How to motivate yourself to write: 8 top tips

Published on: 06 February 2018 Author: Taran Matharu

Have you got a great idea for a story, but you can't quite get round to writing it? Or do you get started and then struggle to keep going? Never fear, because BookTrust's Writer in Residence Taran Matharu has eight top tips to keep you motivated...

Taran Matharu

In November 2013, I managed to complete NaNoWriMo, a challenge where you must write 50,000 words of your novel in one month. The book was simultaneously posted on the social reading site Wattpad.com, where it was read over 7 million times. Here is my advice on how to achieve your writing goals...

1. Set a daily target

Work out a target word count and divide it by the number of days you want to complete it by. Scrivener is a great writing program that does this automatically for you, recalculates on a daily basis and illustrates the stats for you in a cool infographic. It even allows you to take weekends off.

1000 words a day is an ambitious but doable goal. If you think about it, that's five average length novels a year!

2. Make it public

It's easy to lie to yourself, especially when you come back home after a long day and there's something good on TV. My advice is to announce your goal to the world, be that on social media or to family and friends. Update your progress as you go, so you're held accountable if you skip a day or fail to meet your target. It's rather like running a marathon. You can't say you're going to do it and then chicken out, right?

Writing

3. Find beta readers

For me, this was a very important factor. There is nothing more encouraging than feedback on your work. What is usually a solitary activity becomes social and you look forward to hearing others' thoughts. It's a great reward and affirms that your story is one people enjoy reading. I found Wattpad was a great place to find these readers, but family, friends and colleagues can be just as good - if a little biased!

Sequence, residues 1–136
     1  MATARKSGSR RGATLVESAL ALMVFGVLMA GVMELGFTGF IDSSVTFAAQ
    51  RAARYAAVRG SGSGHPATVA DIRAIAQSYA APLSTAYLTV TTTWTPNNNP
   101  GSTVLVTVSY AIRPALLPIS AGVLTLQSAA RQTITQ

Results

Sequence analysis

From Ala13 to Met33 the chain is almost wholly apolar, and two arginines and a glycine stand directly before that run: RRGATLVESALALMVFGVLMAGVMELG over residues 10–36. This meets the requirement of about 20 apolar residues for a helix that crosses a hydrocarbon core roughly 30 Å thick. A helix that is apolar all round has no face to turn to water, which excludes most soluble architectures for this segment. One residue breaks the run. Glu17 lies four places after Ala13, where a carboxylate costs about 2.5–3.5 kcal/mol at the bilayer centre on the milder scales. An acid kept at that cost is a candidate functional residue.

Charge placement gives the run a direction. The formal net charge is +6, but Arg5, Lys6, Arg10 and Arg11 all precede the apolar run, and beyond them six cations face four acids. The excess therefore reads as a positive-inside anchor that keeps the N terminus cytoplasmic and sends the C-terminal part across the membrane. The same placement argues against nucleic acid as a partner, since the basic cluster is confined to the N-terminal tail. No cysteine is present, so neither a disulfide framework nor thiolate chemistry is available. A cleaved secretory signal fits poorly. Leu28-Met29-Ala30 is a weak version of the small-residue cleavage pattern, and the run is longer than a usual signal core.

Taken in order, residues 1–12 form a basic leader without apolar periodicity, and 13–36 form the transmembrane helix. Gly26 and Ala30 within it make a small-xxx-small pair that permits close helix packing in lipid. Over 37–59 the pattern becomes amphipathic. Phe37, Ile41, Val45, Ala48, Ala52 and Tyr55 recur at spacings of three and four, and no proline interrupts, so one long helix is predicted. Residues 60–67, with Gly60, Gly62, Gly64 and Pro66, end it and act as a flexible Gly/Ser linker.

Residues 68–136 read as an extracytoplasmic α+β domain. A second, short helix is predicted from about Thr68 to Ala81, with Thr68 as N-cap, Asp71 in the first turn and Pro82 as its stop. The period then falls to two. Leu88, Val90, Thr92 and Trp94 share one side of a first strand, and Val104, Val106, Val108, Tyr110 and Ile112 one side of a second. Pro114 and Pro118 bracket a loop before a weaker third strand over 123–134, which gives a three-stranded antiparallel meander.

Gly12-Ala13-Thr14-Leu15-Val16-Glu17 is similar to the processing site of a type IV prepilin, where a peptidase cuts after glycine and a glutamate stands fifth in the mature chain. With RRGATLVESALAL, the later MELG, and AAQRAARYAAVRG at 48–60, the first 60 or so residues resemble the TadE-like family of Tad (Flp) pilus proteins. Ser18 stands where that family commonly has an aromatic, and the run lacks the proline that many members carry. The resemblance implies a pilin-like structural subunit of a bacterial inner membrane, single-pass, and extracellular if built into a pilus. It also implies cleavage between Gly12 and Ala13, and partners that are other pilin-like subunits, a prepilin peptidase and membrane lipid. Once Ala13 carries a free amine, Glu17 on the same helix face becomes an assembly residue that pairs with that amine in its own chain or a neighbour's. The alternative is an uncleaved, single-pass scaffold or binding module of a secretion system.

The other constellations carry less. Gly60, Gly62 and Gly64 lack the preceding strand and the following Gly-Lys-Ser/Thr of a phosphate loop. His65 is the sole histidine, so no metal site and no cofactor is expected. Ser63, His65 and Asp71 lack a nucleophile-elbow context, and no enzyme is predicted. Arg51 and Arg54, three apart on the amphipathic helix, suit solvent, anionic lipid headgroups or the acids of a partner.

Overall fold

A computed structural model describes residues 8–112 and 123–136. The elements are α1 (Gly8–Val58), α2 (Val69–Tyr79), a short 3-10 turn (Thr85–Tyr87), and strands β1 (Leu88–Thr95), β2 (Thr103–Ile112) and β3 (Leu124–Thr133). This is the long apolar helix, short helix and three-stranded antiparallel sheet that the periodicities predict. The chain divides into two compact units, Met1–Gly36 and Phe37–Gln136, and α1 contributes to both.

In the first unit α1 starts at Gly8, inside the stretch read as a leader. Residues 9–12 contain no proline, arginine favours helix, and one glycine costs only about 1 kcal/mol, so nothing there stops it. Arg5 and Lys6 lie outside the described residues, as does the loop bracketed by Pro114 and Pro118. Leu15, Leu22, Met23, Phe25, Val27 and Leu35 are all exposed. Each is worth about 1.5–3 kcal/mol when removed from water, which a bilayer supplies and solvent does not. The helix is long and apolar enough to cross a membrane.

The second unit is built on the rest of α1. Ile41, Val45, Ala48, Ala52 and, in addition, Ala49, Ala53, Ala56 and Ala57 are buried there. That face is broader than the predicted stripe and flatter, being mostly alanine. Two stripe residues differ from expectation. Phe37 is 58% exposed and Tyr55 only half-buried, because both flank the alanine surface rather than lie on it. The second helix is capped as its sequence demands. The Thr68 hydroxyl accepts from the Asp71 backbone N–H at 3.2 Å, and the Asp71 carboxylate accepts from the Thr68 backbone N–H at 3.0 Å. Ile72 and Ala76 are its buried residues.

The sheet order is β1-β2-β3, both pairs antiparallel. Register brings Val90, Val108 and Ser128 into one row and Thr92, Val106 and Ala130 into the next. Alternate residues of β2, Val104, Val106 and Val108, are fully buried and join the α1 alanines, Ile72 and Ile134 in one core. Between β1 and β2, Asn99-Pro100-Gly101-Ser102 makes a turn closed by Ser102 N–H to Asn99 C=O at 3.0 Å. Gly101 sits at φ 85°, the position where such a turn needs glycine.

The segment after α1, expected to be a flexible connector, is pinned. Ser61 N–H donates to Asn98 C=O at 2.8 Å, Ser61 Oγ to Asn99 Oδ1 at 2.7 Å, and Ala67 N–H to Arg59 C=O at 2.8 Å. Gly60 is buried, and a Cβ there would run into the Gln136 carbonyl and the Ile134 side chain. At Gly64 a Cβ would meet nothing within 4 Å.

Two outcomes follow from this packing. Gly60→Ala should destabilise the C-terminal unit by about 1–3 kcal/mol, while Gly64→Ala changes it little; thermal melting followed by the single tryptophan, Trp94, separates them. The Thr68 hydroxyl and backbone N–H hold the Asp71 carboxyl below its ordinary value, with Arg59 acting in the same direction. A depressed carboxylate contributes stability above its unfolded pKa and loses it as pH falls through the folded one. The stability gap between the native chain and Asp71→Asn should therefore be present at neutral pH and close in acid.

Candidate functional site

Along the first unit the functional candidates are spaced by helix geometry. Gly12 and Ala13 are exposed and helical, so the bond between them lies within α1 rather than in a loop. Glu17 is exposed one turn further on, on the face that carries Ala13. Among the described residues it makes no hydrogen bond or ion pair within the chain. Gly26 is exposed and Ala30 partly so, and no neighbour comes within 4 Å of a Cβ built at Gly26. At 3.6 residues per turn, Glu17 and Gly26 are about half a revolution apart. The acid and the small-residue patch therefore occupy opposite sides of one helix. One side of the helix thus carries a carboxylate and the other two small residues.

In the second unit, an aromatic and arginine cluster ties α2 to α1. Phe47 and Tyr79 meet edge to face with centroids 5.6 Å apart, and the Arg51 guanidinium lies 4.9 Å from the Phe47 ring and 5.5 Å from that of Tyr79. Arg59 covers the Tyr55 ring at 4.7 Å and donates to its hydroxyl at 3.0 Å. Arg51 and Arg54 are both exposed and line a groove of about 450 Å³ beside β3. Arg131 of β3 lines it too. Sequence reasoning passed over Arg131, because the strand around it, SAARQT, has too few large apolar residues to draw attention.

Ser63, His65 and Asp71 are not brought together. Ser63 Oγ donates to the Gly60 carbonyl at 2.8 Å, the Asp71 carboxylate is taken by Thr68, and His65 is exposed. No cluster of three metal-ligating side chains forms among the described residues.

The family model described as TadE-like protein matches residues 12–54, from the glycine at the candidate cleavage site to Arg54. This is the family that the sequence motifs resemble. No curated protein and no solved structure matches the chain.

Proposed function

4. Don't edit

It sounds a little crazy, I know, but hear me out. Getting the words down is far more important and it's easy to get bogged down in retouching what you've already written. A caveat is giving it a quick read through before the beta reader stage, for typo-correcting purposes only.

5. Always make a start

Inevitably, there will be days where you're just not in the mood. The solution, at least for me, is to tell yourself that you're only going to write a few sentences rather than skipping a day. Open up the manuscript and start writing. You will be shocked at how quickly you are pulled back in and the words mount up. Sometimes I go well above my daily target when starting like this. Even if you don't, something is better than nothing, right?

Writing

6. Try and finish mid-sentence

This is a trick that has served me well. It's always easier to continue on a half-finished sentence or scene, allowing you to easily pick up where you left off the next day. Equally, if I finish a chapter, I always make a start on the next one while the writing juices are flowing. That way, I don't start my next session staring at the blank page of a new chapter.

7. Plotting is key

We all write differently; some of us are plotters, some of us just wing it. But when you're writing so much so quickly and are trying to hit a word count, it can be easy to write yourself into a corner or fill your manuscript with pointless descriptions as you flounder for what happens next. I'm not suggesting you plan out the entire novel, but it can be good to have a rough structure first, so you know in which direction to take the story.

8. Keep it fun

Finally, if it's becoming a chore, don't be afraid to rethink the direction your plot is going in to spice things up for you. If you're getting bored and losing interest in your own story, the same can easily happen to the person reading it!

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